People & Money

World Bank: Nigeria Records Highest Oil Production Shortfall On Account Of Sabotage

The World Bank has adjudged Nigeria to have recorded the largest oil production shortfall among oil-producing countries, its Commodity Markets Outlook report has said.

The multilateral institution attributed the reasons to sabotage within the oil production system, low investments and the COVID-19 pandemic.

Nigeria, it says has a shortfall of 500,000 barrels per day, while Angola and Russia both have a shortfall of 300,000 barrels per day each

According to the bank, although global oil production rose just under one percent in the first quarter of 2022 based on a quarter-by-quarter analysis, it was around three percent below pre-pandemic levels.

The report stated that the increase was solely responsible for OPEC+. The increase was about 1million barrels per day (mb/d) despite the fact it has continued to loosen its tight conditions on oil production.

The production level of those outside the group did not do better as they fell slightly by 0.2 mb/d in the first quarter, with a decline of 0.3 mb/d in the United States partially offset by a modest rise in Brazil.”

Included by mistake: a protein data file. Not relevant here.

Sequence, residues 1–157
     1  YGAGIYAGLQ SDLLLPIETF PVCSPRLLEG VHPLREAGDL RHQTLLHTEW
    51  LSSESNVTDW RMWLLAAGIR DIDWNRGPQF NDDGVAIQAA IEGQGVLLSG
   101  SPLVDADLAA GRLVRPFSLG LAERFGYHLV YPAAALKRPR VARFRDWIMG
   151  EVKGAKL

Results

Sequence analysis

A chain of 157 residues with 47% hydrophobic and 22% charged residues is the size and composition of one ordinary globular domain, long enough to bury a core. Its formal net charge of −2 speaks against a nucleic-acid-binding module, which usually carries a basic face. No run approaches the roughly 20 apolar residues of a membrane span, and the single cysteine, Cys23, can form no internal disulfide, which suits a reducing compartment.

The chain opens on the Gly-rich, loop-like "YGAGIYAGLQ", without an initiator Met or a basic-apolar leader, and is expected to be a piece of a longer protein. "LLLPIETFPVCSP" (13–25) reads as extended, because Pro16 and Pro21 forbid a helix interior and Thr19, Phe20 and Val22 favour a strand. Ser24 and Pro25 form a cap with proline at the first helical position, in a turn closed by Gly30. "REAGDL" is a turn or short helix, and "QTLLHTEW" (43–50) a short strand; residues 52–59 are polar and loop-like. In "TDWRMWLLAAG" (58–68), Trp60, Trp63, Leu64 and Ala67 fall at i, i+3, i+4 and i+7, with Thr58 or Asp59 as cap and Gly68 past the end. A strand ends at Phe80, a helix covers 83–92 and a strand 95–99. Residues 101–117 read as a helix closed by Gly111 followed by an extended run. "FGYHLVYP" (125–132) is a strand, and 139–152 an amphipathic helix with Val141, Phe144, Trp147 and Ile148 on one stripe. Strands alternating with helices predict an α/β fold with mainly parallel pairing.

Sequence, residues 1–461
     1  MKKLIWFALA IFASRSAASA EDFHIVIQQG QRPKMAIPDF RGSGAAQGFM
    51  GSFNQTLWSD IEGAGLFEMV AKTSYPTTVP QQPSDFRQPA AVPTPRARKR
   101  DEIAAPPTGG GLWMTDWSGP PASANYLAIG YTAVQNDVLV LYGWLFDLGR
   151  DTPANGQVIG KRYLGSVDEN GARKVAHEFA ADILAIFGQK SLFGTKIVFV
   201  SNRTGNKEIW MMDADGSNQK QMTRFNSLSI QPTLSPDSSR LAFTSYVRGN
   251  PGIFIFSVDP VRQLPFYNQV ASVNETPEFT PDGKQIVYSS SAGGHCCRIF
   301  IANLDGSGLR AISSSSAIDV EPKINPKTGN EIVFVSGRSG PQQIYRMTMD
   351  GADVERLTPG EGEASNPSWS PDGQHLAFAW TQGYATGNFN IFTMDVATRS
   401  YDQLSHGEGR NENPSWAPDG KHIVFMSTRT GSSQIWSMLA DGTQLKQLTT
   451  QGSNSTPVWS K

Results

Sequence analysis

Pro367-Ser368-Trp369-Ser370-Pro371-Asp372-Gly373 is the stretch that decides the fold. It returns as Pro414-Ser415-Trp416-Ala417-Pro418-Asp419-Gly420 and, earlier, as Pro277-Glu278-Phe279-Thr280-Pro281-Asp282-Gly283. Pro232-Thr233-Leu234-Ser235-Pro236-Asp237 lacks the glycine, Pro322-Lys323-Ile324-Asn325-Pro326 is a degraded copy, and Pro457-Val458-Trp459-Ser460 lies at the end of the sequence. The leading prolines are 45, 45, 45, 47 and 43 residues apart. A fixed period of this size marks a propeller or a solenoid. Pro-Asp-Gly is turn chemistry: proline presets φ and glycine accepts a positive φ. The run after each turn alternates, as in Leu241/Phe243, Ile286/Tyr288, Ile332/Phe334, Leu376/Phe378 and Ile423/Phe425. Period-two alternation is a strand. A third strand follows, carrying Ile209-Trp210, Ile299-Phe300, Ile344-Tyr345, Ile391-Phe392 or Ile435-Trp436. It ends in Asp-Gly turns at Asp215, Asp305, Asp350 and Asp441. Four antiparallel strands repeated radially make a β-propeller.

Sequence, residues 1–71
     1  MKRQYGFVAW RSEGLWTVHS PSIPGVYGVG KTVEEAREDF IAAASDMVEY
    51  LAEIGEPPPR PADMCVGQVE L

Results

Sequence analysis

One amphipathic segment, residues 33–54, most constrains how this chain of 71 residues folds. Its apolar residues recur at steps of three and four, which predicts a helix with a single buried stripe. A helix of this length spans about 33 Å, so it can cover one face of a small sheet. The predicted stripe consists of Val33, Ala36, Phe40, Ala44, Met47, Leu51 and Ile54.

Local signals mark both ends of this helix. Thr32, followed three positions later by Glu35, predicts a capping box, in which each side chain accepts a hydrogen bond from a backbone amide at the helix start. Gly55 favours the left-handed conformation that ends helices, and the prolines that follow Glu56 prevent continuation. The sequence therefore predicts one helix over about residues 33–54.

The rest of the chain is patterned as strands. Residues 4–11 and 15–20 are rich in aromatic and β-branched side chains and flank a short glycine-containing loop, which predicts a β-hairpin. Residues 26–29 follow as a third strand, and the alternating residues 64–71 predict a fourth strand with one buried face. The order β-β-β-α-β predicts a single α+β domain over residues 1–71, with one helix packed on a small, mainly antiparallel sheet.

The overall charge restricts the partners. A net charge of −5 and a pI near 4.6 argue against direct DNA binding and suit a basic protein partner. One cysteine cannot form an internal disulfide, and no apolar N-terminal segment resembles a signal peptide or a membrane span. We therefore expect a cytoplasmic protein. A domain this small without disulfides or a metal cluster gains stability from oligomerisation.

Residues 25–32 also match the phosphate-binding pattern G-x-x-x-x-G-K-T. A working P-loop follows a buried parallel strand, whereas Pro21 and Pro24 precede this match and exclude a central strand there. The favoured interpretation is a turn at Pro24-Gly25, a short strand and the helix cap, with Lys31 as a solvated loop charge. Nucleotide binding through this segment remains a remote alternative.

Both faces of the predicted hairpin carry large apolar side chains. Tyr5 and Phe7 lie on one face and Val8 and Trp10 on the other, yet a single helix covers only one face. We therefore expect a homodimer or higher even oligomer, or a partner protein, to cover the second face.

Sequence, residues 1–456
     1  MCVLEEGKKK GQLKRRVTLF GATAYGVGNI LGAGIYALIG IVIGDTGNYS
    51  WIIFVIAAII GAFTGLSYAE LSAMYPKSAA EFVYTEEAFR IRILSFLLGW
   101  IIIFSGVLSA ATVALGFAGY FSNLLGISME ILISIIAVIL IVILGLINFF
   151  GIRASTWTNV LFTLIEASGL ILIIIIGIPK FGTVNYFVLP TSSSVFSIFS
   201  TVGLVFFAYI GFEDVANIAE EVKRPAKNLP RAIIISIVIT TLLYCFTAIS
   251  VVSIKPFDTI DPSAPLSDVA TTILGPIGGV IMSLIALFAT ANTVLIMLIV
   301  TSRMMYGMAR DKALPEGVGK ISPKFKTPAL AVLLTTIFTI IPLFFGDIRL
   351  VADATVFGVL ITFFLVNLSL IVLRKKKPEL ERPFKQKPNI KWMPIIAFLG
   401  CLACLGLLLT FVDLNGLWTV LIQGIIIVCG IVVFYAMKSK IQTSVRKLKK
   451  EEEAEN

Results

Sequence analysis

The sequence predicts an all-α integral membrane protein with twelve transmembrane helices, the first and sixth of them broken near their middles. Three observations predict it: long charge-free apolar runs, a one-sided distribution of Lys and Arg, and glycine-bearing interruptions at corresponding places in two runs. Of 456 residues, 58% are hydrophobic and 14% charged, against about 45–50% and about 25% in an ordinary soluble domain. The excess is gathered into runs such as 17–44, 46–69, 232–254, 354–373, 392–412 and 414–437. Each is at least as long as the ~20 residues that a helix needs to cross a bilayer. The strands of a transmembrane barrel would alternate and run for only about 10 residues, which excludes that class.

“Although OPEC+ production increased modestly, the group continues to produce well below its official target. In March 2022, 12 of the 19 countries subject to production cuts were below their quotas. Since the start of 2022, the shortfall has averaged more than 1 mb/d, and in March the gap had widened to 1.4 mb/d as Russia’s production declined.”

Also Read: How to Stabilize the Naira

The current standing of some of the oil-producing countries as regards production shortages are as follows: 500,000 barrels per day, Angola 300,000bpd, Russia 300,000bpd.

Aside from the act of sabotage, low investment in recent years, compounded by COVID-19, have reduced Nigeria’s productive capacity. The group is expected to fully unwind its agreed production cuts by September 2022, in line with previous announcements,” the Bank said in its report.

Nigeria’s Minister of State for Petroleum Resources, Timipre Sylva, had said that the country is now at a production level of 1.4 million barrels per day. He attributed the low production level to sabotage by crude oil thieves and the refusal of international oil companies to invest in the country’s oil and gas industry.

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